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It’s a pretty great song, actually. Maybe not as great as the cover image, which of course is included when you buy it from iTunes. Somehow I don’t think this one would go over so well with the crowd of jack-holes who were, apropos of nothing, chanting “USA, USA” when I saw Willie play Wolf Trap in, I think, 2003. But you never know.

The release date was Valentine’s Day last year. Nice.

Oh, I got some play in Freedom Rock again today. Just some talk about carbohydrates.

So. We’ll — and this is not the regal “we,” but rather the “we” that denotes “Klimek and those among his confederates who be not wussy bitches” — all be out the night of Tuesday, July 3 to see those cars who are also robots.

But meanwhile, there’s another, less hirsute, even more powerful echo of my childhood rippling through the public consciousness this week, thanks mostly due to a ubiquitous ad campaign for which Rupert Murdoch has paid a dear price. We’re 19 years and three films on from John McTiernan’s uber-tense, class-conscious, sharply edited original — the film that no less an authority than Entertainment Weekly recently named as the Greatest Action Film of All Time, and certainly it’s in the top five — but it’s link to the imagination that thrived inside my chubby, awkward 12-year-old body in 1988 remains intact. Then as now, that imagination yearned to kill slumming members of the Royal Shakespeare Company while eulogizing them thusly: “Yippe Kay Yay, Motherfuckers!”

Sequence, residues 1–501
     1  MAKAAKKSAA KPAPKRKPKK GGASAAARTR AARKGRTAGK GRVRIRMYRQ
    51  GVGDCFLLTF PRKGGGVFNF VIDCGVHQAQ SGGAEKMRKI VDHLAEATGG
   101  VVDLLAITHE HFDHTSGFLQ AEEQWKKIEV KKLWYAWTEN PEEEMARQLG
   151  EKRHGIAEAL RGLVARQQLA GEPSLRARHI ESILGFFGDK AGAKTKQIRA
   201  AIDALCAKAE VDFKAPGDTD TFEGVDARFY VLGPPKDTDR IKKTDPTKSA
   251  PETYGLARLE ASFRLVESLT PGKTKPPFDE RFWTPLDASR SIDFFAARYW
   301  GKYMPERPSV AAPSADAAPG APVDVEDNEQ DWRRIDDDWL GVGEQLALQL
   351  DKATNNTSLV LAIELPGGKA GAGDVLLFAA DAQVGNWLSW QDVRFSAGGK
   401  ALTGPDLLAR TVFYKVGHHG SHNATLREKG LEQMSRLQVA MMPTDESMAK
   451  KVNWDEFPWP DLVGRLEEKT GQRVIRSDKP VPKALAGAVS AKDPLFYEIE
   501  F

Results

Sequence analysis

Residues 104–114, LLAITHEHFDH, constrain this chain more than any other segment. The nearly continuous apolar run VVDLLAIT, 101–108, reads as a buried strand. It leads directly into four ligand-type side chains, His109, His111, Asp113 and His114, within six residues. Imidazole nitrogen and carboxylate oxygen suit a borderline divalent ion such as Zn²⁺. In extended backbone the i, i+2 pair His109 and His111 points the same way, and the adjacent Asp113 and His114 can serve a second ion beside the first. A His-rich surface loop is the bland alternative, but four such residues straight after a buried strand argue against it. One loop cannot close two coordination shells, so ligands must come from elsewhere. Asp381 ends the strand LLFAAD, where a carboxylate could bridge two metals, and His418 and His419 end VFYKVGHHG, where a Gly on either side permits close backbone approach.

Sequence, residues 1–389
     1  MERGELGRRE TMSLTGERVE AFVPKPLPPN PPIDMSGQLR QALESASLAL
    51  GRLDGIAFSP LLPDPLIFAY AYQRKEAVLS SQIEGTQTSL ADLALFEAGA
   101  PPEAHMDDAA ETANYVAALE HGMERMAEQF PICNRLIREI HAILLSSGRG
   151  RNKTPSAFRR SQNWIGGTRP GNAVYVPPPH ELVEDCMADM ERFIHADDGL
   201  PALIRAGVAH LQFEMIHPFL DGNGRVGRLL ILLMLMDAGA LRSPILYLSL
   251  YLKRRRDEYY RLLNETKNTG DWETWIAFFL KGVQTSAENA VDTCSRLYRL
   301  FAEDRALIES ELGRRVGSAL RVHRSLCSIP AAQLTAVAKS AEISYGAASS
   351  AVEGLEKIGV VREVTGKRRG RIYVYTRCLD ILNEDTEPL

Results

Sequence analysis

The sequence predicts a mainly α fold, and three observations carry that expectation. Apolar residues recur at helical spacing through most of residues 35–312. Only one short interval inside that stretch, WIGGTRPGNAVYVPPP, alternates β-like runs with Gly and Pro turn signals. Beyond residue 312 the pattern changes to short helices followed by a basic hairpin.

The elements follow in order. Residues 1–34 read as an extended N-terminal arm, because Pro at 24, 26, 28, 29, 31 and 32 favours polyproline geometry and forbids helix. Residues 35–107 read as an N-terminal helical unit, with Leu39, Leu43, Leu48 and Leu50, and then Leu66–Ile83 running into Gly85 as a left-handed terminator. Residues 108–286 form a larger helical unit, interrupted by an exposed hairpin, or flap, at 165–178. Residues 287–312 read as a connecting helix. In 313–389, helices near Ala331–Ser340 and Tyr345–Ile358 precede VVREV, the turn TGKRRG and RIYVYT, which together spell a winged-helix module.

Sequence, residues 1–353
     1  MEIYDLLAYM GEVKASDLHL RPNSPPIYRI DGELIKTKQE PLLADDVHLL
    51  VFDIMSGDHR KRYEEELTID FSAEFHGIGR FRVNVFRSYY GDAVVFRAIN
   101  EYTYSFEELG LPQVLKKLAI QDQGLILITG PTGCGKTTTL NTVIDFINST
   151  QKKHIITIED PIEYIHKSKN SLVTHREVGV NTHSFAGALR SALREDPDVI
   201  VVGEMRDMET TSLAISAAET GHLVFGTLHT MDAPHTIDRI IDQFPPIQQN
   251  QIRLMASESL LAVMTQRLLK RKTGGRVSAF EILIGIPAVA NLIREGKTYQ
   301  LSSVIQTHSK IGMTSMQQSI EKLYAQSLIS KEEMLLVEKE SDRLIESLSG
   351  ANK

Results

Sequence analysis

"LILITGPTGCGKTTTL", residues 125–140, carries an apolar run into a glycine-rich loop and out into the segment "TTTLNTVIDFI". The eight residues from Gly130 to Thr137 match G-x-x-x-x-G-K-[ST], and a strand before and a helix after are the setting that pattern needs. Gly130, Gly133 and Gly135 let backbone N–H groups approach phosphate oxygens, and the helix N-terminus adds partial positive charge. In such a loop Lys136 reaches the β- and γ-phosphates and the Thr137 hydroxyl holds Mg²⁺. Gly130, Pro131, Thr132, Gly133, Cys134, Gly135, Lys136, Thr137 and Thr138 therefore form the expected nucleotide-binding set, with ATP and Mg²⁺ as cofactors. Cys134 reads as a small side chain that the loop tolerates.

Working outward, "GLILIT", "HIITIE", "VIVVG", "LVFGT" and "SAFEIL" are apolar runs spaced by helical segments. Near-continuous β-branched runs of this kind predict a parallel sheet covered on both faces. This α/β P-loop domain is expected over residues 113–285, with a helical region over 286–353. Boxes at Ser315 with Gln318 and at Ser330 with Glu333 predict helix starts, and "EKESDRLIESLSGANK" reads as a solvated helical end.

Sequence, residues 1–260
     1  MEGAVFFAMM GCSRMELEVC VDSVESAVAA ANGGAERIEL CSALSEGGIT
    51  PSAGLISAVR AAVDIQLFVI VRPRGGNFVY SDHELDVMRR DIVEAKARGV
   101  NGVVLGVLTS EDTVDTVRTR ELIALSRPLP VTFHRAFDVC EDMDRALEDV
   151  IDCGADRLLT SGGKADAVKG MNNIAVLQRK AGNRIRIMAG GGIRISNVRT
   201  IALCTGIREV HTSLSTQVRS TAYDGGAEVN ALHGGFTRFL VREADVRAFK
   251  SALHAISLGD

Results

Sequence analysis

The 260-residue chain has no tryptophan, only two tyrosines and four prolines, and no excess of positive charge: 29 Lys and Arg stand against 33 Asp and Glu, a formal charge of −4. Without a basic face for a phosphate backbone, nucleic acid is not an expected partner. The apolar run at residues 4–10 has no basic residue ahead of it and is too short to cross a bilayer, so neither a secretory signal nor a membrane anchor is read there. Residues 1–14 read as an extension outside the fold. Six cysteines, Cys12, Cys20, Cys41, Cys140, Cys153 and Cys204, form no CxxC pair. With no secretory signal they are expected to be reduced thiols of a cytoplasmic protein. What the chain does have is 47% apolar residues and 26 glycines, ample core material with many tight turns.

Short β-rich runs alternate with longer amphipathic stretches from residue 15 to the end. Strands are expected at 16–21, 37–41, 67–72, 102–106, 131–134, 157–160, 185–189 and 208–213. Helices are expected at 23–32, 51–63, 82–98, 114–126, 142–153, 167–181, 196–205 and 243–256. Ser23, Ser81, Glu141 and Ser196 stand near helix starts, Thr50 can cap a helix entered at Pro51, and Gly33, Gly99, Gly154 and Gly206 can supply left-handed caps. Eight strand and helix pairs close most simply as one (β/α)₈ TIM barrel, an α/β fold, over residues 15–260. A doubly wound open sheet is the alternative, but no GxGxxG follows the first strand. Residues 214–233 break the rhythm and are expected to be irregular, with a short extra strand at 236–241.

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Bruce puts on manly readiness for Die Hard, Part the Fourth.

The PG-13 rating gives me pause. The phrase “directed by Len Wiseman” gives me pause. The presence of Justin “I’m a Mac” Long . . . well, I sort of like him, actually. His performance as Queerbait in Dodgeball: A True Underdog Story showed him to be a mature, insightful actor of surprising nuance, who could also catch a crescent wrench to the nutsack and take it like a man. And so, my fellow Americans, we are faced with a sober choice: Live Free? Or Die Hard?

Or, uh, Live Free or Die Hard? (It’s the summer movie wherein a car fights a helicopter and a jet fights a truck — but they don’t turn into robots!)

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The midnight sneaks are actually tonight. But if we go to see that free screening of Barbarella at the Hirshorn Thursday night at eight, a 10:30 show at Gallery Place of this tone poem to revolution, male pattern baldness, and airborne vehicular manslaughter would be just about perfect. Come on, Guys! Hanoi Jane meets John McClane! As a watershed cultural event, it will be second only to this:

What say ye, Friends? Can I get a witness?